Between 1934 and 1939, Auto Union spent about 13.2 RM on Grand Prix racing with its A-D variants, and received approximately 2.7 RM in subsidies from the Third Reich, an annual average of about 20 per cent of its costs. In that period, the marque entered for 61 circuit races in all, 30 of them Grand Prix events. It won 24 of the races for which it entered and also took 23 second and 17 third places.

MERCEDES W25, W125, W154

Were it not for Mercedes, the rampant Auto Union outfit might have won every one of them. But in the W25 the three-pointed star created a car that was not only capable of dominating its great rival but which provided a platform that would guarantee victory until the second world war. 

In 1958 legendary Mercedes racing manager Alfred Neubauer recalled the first tests with the W25 at Monza, on the roads between Milan and Varese and on test tracks in Germany. "The little car was sheer delight," he said.

After its withdrawal from the race at Avus, Mercedes corrected the issues and a week later the W25 appeared at the Nürburgring for the Eifelrennen. And it appeared in a now famous new livery. To meet the weight requirements of the 750kg formula, the white paint it had been finished with at AVUS had been completely removed. The W25 was now an unpainted gleaming argent. The Silver Arrows were born.

With the W25 and in the hands of Rudolf Caracciola and Luigi Fagioli, Mercedes took four wins from seven grands prix in 1934, one better than Auto Union. The following year was even more successful. Mercedes entered eleven races with the W25 and won nine of them. Six of those victories went to the legendary Caracciola finished on the top step of the podium, so ending the season as European Champion in the 750 kg formula.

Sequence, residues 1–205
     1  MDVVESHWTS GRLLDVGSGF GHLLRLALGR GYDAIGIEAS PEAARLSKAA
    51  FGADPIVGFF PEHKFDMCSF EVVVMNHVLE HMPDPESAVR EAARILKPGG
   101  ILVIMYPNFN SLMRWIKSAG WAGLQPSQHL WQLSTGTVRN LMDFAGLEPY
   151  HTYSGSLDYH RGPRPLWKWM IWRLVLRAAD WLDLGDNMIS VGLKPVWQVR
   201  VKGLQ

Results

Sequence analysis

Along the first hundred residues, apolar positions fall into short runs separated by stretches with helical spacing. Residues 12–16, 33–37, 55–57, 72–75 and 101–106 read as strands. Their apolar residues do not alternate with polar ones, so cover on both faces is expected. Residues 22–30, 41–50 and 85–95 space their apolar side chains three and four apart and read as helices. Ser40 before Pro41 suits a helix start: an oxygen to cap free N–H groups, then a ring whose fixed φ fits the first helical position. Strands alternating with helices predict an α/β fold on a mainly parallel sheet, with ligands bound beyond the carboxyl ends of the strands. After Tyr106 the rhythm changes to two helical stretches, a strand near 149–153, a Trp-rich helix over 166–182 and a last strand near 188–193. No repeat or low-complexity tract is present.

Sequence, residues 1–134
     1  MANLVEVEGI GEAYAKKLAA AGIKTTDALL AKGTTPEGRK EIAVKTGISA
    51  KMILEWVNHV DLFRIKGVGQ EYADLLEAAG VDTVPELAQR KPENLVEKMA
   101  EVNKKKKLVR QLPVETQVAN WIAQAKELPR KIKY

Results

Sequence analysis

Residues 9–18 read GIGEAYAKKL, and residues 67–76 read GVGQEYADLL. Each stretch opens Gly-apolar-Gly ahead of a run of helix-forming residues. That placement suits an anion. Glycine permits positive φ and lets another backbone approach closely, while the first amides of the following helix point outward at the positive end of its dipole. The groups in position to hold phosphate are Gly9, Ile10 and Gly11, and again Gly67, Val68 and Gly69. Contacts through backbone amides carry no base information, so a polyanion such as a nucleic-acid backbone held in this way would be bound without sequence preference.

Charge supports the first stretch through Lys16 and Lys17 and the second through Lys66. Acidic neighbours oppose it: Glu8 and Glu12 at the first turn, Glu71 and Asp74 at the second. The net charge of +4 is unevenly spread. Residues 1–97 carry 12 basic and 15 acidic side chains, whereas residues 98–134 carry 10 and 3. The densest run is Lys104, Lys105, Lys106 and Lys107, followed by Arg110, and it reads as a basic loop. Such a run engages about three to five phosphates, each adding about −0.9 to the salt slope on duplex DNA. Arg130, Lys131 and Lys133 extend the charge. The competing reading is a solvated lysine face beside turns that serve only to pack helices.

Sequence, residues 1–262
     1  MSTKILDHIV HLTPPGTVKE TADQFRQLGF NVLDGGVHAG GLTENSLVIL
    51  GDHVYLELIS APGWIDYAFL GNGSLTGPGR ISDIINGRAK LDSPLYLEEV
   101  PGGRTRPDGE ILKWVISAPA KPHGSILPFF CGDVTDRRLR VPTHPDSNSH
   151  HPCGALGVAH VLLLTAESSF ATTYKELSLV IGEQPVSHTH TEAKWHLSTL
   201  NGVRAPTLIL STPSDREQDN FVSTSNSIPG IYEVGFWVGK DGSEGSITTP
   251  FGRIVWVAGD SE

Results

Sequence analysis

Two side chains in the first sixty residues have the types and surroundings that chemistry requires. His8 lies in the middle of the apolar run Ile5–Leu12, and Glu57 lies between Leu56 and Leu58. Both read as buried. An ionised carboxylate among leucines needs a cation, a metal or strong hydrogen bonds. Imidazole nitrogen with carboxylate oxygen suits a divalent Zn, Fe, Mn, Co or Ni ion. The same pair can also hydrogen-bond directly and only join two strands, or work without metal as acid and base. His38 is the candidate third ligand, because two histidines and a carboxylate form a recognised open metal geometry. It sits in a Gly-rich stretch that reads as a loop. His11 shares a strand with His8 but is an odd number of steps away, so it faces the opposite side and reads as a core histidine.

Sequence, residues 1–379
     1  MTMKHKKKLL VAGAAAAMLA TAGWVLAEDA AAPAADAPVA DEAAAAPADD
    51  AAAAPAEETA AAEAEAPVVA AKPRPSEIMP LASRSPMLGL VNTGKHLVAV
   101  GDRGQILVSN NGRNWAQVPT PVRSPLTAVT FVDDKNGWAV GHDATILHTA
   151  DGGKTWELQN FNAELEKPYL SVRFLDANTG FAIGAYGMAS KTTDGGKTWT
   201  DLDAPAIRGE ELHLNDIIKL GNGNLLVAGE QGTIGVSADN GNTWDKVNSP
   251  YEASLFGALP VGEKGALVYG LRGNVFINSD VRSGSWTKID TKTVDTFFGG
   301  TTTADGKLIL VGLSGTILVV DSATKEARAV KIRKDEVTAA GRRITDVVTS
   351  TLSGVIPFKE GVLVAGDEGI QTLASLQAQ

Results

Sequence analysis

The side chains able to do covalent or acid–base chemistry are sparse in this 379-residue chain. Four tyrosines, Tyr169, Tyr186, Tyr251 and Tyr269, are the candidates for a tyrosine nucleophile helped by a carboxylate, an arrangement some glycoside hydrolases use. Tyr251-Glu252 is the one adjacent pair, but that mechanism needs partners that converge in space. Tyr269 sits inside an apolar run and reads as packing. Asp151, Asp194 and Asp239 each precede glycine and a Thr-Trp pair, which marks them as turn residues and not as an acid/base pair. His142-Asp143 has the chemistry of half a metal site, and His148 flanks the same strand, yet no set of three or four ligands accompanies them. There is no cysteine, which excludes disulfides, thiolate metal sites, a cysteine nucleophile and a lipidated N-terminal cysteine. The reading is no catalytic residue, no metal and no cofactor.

Rudolf Caracciola, Mercedes-Benz W25, 1936 Monaco Grand Prix. Image courtesy Motorsport Images

Auto Union’s Rosemeyer claimed overall victory in 1936, however, and it was clear that the W25’s time was up. Mercedes’ Untertürkheim racing department responded with the W125, sporting a 5.6-litre eight-cylinder in-line supercharged engine that delivered between 545 and 646 hp, a staggering amount of power for the time.

The 125 was a sensation. The season-opening Tripoli Grand Prix in Libya in May, was won by the ambitious Hermann Lang. Later that month Mercedes pushed the boat out, and at the ‘free-formula’ race on the AVUS circuit in Berlin the three-pointed star entered a number of variants of both the W25 and the W125, including a radical streamlined version of the W125.

Hermann Lang, Mercedes-Benz W125 at Donington in 1937. Image courtesy Motorsport Images.

Auto Union won the first round of the European Championship at Spa in July but thereafter Mercedes was dominant, with Carracciola winning three of the remaining four rounds and Manfred von Brauchitsch the other.

From 1938, though, new rules applied limiting displacement to three litres with supercharger or 4.5 litres without. An entirely new Mercedes, the W154 was created. An average 430 hp was available to the drivers in the first half of the 1938 season, at the end of which it was more than 468 hp (344 kW). And with that level of power on tap the 154 became the most successful racing car of the era. Mercedes won three of the European championship’s four events and Caracciola was crowned champion for the third time.

The following year would have seen the Silver Arrows dominate once again, with Lang winning the season opener in Belgium and the finale in Switzerland and Caracciola winning at the Nürburgring. But within weeks of Lang’s victory at Bremgarten, war had been declared and the title was never officially conferred.

The 1930s, the decade in which motor sport shifted from converted stable blocks to industrial complexes and from the hands of wealthy amateurs to those of professional racers, was over. But the changes wrought would inform motorsport forever decades to come.